We’re living longer than ever before. Newborn boys and girls are expected to live well into their 80s and with an ageing population the state pension age is set to rise to 70 sooner rather than later.  Longer lives and extended careers mean a healthy lifestyle is more important but statistics show where you live affects your quality of life and how many years you’re expected to be healthy.

North-south divide

For example, men and women in Rutland and Wokingham have a healthy life expectancy (HLE) of more than 70 years. The east London borough of Tower Hamlets, on the other hand, which has the worst level in the country, has a HLE of 52 years for women and 54 for men. Manchester does not fare much better with a HLE of 55 years for males and females. Overall the figures show a distinct north-south divide with those living in some of the most affluent areas in southern England living much longer healthy lives longer than those in areas in the north.

10 areas with best healthy life expectancy:

  • Rutland - 70.8
  • Wokingham - 70.7
  • Richmond upon Thames - 69.9
  • Buckinghamshire - 69.8
  • Harrow - 69.6
  • Windsor and Maidenhead - 69.6
  • Oxfordshire - 69.5
  • West Berkshire - 69.3
  • Bromley - 69
  • Bracknell Forest - 68.9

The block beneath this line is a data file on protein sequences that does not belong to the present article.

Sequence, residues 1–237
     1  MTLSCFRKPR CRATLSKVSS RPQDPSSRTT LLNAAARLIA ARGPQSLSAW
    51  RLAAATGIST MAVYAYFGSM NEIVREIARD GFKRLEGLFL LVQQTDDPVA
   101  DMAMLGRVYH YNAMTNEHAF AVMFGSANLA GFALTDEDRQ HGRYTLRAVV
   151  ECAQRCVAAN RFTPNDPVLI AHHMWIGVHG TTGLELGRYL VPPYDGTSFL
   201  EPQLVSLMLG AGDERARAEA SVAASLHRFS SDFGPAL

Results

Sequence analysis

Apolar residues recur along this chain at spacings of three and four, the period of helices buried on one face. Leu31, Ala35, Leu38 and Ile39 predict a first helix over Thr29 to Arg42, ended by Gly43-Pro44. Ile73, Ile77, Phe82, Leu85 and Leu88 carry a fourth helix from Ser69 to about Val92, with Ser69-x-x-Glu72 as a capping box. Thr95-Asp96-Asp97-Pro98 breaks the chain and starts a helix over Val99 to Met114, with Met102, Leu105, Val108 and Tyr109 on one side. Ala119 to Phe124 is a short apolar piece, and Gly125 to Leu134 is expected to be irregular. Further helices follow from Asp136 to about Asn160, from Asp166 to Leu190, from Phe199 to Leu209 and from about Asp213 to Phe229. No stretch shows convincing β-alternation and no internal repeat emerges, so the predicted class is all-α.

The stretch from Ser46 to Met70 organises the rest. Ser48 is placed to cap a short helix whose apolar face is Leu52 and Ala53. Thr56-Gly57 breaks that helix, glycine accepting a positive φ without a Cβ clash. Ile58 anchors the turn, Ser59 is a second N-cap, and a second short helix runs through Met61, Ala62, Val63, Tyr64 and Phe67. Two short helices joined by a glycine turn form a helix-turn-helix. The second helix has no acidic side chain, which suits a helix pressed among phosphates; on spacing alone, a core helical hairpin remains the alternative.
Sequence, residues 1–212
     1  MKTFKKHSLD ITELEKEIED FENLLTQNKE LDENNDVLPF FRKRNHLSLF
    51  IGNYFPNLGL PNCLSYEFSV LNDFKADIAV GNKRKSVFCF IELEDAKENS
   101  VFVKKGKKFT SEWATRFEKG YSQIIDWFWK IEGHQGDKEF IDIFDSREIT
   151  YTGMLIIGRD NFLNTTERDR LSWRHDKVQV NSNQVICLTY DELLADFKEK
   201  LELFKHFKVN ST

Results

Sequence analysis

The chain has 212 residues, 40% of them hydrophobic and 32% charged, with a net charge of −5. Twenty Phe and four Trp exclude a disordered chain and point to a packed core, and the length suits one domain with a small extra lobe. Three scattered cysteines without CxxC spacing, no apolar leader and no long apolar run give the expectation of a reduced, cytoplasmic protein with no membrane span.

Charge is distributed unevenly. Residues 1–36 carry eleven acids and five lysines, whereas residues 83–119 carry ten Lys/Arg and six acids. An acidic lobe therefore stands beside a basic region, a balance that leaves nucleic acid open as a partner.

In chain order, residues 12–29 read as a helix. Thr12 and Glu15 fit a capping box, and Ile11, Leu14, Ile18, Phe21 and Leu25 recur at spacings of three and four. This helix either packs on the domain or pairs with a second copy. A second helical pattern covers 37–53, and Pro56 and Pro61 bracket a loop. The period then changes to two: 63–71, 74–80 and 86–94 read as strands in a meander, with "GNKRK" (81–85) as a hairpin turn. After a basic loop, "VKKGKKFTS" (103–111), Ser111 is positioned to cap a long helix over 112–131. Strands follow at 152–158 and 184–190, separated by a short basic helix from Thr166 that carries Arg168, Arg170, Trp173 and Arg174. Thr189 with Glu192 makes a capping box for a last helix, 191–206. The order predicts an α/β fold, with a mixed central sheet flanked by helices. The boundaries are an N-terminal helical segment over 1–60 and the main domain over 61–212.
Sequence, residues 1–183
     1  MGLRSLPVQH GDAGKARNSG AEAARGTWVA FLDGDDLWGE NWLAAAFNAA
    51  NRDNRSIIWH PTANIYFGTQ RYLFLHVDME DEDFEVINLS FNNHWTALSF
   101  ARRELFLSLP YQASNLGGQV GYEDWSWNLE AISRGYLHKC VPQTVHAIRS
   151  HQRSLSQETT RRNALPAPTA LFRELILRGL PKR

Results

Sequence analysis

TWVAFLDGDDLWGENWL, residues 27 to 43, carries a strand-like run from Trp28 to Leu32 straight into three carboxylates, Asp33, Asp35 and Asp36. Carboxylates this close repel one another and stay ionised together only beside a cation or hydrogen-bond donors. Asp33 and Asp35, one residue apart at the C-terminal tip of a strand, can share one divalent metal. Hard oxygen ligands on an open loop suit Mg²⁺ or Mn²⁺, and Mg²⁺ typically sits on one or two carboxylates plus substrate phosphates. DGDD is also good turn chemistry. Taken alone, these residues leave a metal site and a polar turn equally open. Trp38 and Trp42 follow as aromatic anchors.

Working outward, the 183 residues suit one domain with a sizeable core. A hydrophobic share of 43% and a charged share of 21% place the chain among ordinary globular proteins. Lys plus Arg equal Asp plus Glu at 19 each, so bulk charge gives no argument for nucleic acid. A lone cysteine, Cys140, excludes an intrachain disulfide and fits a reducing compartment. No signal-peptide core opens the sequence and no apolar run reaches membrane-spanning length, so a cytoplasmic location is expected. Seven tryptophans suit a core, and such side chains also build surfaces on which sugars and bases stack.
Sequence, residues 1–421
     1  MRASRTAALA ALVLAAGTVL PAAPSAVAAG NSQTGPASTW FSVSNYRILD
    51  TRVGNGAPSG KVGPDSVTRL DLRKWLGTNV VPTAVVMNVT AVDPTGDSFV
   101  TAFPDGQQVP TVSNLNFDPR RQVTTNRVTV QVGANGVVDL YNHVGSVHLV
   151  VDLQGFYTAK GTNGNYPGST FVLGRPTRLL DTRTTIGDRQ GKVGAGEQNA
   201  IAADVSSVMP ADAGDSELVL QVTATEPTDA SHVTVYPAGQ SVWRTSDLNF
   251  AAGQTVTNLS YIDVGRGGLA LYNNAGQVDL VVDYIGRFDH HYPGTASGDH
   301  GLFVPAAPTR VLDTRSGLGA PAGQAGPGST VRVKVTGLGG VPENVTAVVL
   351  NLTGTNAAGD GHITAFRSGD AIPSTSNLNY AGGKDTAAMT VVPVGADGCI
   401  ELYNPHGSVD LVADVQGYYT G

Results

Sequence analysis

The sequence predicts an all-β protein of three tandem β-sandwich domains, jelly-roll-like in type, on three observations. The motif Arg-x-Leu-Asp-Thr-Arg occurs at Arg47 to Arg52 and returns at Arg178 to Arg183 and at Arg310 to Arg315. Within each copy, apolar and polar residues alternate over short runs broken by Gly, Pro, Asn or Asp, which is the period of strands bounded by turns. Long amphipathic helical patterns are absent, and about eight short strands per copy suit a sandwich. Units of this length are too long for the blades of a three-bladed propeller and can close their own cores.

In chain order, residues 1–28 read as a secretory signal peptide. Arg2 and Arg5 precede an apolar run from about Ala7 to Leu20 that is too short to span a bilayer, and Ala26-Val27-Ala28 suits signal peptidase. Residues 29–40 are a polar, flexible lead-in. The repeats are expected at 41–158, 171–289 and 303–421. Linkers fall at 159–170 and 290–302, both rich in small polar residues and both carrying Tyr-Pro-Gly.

10 areas with worst healthy life expectancy:

  • Tameside - 57.6
  • Liverpool - 57.5
  • County Durham - 57.5
  • South Tyneside - 57.4
  • Barnsley - 57.2
  • Nottingham - 57
  • Hartlepool - 56.1
  • Hull - 56
  • Manchester - 55.6
  • Tower Hamlets - 53.2

Statisticians at the Office for National Statistics say there are a number of factors that contribute to a person’s HLE including their employment, whether they smoke or not and whether they exercise or not. 

Discussing the impact of location, the ONS said: “Where a person lives clearly has a significant impact on their healthy life expectancy. Boys born in England’s wealthiest areas can expect 19 extra healthy years compared with boys in the country’s poorest areas. For girls, this stretches to 20 years. Deprivation is not spread evenly across the country and therefore helps to explain some of the variation in healthy life expectancy between areas. The North of England represents 30% of the population, but is home to 50% of the poorest areas."